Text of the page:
Winds of Change in the US Healthcare System

Karna W. Morrow, CPC, RCC, CCS-P, PCS

January 2017, Vol 7, No 1 - Industry Trends


The winds of change continue to blow within the healthcare system. The full impact of the 2016 presidential election is still unknown, but there is a key issue to keep on your radar as we enter 2017. Value-based healthcare is a reality, and its far-reaching impact needs to be front and center on your radar for 2017. The acronyms MACRA (Medicare Access and CHIP Reauthorization Act), MIPS (Merit-Based Incentive Payment System), and APMs (Alternative Payment Models) should not be foreign to any healthcare administrator. January 1, 2017, begins the “performance year” for any financial adjustments that will be made to physician reimbursement in 2019. As with the previous Physician Quality Reporting System, data are collected in year 1, analyzed in year 2, and the impact of the analysis is in year 3.

Reimbursement

MACRA of 2015 remains the vehicle driving many of the new reimbursement changes. Reimbursement will be determined through the Quality Payment Program, which comprises 2 tracks—MIPS or APM—each with its own reporting requirements and opportunities. The Oncology Care Model presents an opportunity within the APM track; approximately 200 practices are participating in this Centers for Medicare & Medicaid Services (CMS) 5-year pilot program, including select payers.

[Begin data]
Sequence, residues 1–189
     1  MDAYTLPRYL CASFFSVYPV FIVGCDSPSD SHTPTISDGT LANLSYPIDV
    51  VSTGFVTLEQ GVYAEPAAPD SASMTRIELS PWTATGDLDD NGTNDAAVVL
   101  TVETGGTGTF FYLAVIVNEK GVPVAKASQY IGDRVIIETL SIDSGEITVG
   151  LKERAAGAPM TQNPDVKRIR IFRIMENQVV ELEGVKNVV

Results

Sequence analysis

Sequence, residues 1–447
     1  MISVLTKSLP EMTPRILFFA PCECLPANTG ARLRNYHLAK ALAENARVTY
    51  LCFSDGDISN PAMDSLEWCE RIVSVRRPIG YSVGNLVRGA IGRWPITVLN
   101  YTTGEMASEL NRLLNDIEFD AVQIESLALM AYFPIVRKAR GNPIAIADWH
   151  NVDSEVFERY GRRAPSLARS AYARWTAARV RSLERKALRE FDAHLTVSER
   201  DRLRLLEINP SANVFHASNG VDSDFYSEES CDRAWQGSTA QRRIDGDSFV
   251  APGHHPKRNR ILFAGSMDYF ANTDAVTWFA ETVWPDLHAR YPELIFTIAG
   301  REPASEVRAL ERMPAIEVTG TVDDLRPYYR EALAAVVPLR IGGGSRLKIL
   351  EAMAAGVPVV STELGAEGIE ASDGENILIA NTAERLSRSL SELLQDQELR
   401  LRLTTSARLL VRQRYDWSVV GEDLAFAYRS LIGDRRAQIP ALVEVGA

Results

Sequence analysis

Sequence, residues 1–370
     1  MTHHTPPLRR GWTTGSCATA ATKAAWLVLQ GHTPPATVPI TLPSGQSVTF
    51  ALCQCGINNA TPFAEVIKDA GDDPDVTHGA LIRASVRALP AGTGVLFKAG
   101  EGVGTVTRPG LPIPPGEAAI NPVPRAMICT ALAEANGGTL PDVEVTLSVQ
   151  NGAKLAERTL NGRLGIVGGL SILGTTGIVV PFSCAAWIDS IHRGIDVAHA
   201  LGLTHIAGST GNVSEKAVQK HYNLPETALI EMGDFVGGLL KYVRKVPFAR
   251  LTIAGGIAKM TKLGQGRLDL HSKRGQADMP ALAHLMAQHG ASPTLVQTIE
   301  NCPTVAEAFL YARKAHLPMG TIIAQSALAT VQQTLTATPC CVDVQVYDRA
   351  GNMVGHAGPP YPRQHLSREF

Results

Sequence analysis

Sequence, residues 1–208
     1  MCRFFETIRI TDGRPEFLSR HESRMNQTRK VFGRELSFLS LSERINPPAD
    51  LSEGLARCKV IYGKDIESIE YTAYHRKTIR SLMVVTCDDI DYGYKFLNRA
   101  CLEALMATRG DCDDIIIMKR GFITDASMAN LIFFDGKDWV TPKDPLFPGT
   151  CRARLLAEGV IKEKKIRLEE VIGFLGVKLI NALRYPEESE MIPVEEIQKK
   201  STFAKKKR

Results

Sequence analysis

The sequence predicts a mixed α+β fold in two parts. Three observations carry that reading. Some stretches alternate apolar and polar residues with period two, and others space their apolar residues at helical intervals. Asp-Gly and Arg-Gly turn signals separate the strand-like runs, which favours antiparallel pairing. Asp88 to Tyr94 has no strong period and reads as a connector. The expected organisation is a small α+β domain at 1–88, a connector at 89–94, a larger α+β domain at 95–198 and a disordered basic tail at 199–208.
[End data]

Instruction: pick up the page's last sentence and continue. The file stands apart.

Although CMS developed 4 options for participating in the Quality Payment Program, unless eligible providers successfully report for a minimum of 90 days within 2017, they will have a 4% negative adjustment to their CMS reimbursement for 2019. The key to success under the MIPS or APM track lies in the ability to define your patient mix by clinical conditions.

Improvement Activities

The Clinical Practice Improvement Activities (CPIA) component of MACRA highlights the need to see patients beyond the primary oncology or hematology diagnosis. Each of the >90 measures of CPIA focus on managing the patient and coordinating community services to meet the needs of the patient, perhaps beyond the traditional oncology treatment plan.

For example, one medium-level activity is “population management.” Successfully attesting to this measure includes the implementation of regular reviews of targeted patient population needs, such as: